In our study population, the overall maternal and perinatal mortality were 7.6% and 25.0%, respectively. These differences may reflect differences in referral patterns in various institutions apart from genetic and socioeconomic differences in cohorts.
To conclude, our study shows that liver disease is relatively common in Indian pregnant women. It is associated with high maternal and perinatal mortality, even in a tertiary referral center. A high index of suspicion of liver disease, early diagnosis, prompt referral to a higher center when required, appropriate supportive management, and a proactive policy of early delivery when indicated may improve the maternal and perinatal outcomes in pregnant women with liver disease.
- Brady CW: Liver disease in pregnancy: what's new. Hepatol Commun. 2020, 4:145-156. 10.1002/hep4.1470
- Goel A, Jamwal KD, Ramachandran A, Balasubramanian KA, Eapen CE: Pregnancy-related liver disorders. J Clin Exp Hepatol. 2014, 4:151-162. 10.1016/j.jceh.2013.03.220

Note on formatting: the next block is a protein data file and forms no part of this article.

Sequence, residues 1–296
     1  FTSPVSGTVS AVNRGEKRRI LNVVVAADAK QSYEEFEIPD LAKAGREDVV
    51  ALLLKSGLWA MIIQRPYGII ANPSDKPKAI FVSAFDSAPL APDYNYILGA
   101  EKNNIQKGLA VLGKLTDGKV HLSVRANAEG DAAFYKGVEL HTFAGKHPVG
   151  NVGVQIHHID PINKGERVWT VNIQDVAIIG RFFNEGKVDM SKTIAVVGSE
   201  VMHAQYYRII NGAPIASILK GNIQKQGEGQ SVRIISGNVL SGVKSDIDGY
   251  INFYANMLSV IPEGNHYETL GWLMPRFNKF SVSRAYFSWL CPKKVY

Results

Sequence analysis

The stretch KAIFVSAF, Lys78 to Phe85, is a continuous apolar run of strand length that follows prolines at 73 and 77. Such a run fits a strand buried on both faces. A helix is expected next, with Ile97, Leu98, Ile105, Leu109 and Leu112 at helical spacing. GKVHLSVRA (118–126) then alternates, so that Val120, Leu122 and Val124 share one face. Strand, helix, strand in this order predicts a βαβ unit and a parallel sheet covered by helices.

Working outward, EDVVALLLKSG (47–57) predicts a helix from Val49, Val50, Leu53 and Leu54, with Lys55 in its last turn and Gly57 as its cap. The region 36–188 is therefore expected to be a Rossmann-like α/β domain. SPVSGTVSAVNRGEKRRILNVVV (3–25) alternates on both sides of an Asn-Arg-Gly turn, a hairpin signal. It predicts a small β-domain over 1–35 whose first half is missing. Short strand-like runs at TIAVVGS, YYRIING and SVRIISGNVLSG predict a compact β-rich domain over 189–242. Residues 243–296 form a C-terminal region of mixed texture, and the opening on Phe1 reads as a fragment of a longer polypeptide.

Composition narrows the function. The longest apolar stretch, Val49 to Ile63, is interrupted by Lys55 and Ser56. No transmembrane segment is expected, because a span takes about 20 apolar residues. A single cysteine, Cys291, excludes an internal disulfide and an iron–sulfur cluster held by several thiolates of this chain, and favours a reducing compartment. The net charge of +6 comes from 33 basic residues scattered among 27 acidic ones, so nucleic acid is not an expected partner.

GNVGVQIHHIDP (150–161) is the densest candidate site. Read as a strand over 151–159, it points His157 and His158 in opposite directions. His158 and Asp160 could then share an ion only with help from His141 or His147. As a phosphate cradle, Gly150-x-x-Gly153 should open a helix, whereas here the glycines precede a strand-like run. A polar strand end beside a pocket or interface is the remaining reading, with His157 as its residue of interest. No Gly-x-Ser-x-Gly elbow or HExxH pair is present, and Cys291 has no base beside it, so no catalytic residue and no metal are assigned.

- Joshi D, James A, Quaglia A, Westbrook RH, Heneghan MA: Liver disease in pregnancy. Lancet. 2010, 375:594-605. 10.1016/S0140-6736(09)61495-1
- Ch'ng CL, Morgan M, Hainsworth I, Kingham JG: Prospective study of liver dysfunction in pregnancy in Southwest Wales. Gut. 2002, 51:876-880. 10.1136/gut.51.6.876
- Panther E, Blum HE: Liver diseases in pregnancy. Dtsch Med Wochenschr. 2008, 133:2283-2287. 10.1055/s-0028-1091273
- Knox TA, Olans LB: Liver disease in pregnancy. N Engl J Med. 1996, 335:569-576. 10.1056/NEJM199608223350807
- Pereira SP, O’Donohue J, Wendon J, William R: Maternal and perinatal outcome in severe pregnancy related liver disease. Hepatology. 1997, 26:1258-1262. 10.1002/hep.510260525
- Naoum EE, Leffert LR, Chitilian HV, Gray KJ, Bateman BT: Acute fatty liver of pregnancy: pathophysiology, anesthetic implications, and obstetrical management. Anesthesiology. 2019, 130:446-461. 10.1097/ALN.0000000000002597